X-RAY VISION GETS JUMP ON DRUG DEALERS
telligence on global drug trends are all used as flags to identify suspicious packages.
But with 200 million items of international mail flowing into the city each year, the ABF has conceded it has resources to inspect only about 30 per cent of the packages.
Criminal lawyers say it’s the perfect set-up for both dealers and buyers.
Finding the source of the drugs is almost impossible because transactions are carried out over the “dark web” – an encrypted area of the internet notoriously hard to trace. ABF officers may intercept the mail, but prosecuting buyers is almost impossible as they can simply deny they were behind the order.
One new trend identified by police involves buyers deliberately using the addresses of strangers. They then wait for the mail to arrive and grab it from the letterbox before the unsuspecting resident even knows what has happened.
ABF acting Assistant Commissioner Tim Fitzgerald yesterday said the anonymity of the dark web might seem convenient, but it also made it incredibly dangerous.
He said there were recent cases of the highly lethal drug fentanyl being sent by post to Australian users who thought they had ordered cocaine.
“The dark net will just send them whatever substance, and in a number of instances it’s deadly substances like fentanyl and carfentanil,” Mr Fitzgerald WITH callous drug dealers using everything from children’s lollies to car parts to hide their deals, Australian Border Force agents have to be eagleeyed at all times.
News Corporation was at the Sydney International Mail Gateway in Granville last week to watch the officers in action and saw ecstasy and other potent narcotics plucked from seemingly innocent packages bound for addresses across the city.
One agent sensed something wasn’t right at the western Sydney facility when she came across what purported to be a simple tractor valve from Africa.
She painstakingly disassembled the part over more than an hour, a job made even more difficult than usual as all the bolts had been covered in said. “These are deadly products, they’re killing hundreds of people a day across the US and Europe. The smallest contact with this sort of product can be deadly.”
Fentanyl and its derivatives, including carfentanil, are opioids up to 10,000 times stronger than morphine.
Those ordering drugs on the dark net often use cryptocurrencies or prepaid credit silicon. But once Marie cracked it open she found what she was looking for – a tennis ball-sized lump of amphetamines, a key ingredient in the drug ice.
Officers rotate off C-ray machines every 90 minutes to cards, leaving no financial record of the purchase. It is estimated there are more than 6000 dark net drug transactions by Australians every month.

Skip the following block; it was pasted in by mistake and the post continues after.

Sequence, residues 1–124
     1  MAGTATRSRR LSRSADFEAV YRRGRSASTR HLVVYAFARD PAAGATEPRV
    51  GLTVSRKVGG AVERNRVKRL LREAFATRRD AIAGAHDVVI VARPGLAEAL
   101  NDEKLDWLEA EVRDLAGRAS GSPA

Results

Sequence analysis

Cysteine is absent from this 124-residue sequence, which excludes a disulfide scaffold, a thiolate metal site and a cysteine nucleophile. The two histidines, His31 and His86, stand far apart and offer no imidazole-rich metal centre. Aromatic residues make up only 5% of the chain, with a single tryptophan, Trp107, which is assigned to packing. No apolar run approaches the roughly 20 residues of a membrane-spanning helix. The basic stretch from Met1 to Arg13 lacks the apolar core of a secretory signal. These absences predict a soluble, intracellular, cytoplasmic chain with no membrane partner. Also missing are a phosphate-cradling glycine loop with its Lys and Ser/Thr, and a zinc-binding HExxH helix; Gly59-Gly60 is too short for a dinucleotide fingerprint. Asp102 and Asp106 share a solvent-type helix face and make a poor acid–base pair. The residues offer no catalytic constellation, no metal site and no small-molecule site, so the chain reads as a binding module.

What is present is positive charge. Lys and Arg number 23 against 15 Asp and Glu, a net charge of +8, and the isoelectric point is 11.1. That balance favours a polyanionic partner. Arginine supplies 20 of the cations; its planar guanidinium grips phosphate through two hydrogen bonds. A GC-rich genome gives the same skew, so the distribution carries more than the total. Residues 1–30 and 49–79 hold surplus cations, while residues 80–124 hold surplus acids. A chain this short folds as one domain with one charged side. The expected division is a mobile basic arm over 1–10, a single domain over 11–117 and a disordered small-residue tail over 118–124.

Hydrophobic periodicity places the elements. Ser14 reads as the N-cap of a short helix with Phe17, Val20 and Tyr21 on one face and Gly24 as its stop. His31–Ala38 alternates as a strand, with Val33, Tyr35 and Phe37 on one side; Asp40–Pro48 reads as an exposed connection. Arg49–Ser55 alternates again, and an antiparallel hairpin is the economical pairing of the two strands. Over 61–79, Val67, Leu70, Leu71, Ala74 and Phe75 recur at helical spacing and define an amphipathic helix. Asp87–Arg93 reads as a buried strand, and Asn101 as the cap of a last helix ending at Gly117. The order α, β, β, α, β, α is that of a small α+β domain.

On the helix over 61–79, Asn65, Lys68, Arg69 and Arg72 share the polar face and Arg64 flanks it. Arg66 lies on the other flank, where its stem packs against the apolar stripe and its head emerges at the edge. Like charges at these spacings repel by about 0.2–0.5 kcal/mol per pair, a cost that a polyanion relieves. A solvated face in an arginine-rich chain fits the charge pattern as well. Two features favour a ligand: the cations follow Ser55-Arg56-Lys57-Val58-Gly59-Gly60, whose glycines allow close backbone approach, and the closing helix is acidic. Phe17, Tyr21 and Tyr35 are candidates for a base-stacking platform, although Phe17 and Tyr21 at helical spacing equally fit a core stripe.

Criminal Defence Lawyers Australia principal Jimmy Singh said prosecution was difficult for police. And even if they can make charges stick, they’re usually minor.
“If they can’t prove you had knowledge the parcel had an avoid fatigue and are retrained every 12 months in the best detection methods.
Country of origin, the way mail is addressed, and intelligence on global drug trends are all used as flags to identify suspicious packages in the illicit drug in it, then you can’t be found guilty,” he said. “(And) there could be multiple people living at the house. They’d have to investigate the computers at that address … and that would require search warrants.”
In Western Australia, police were recently left to mop up after a major drug overdose when nine backpackers snorted a white powder mysteriously posted to their address. 200 million pieces of international mail arriving each year.
“Most people look at this and say ‘it’s a needle in a haystack’ but with the right understanding of which countries are high risk and the high priorities to look at, you can They assumed the drug was cocaine, but it turned out to be motion sickness drug hyoscine.
“You can’t move your legs. You can’t move nothing,” a woman who took the drug said after being treated in hospital.
Macquarie University dark net expert Dr James Martin said most mail-order drug deals were successful because overseas dealers were sophisticated in the approach. see almost anything on an X-ray with that knowledge,” ABF international mail inspector Neil Singh said.
“It’s up to us to stop (the drugs) here because we don’t want it spreading through the community.”
“For instance, they’ll clean an envelope with bleach in one room after they packed them in another room,” he said.
Dr Martin also said buying drugs online and through the post eliminated the risk of street dealing.
“There is no potential for violence between buyers and sellers or between sellers,” he said. “And the substances tend to be less adulterated.”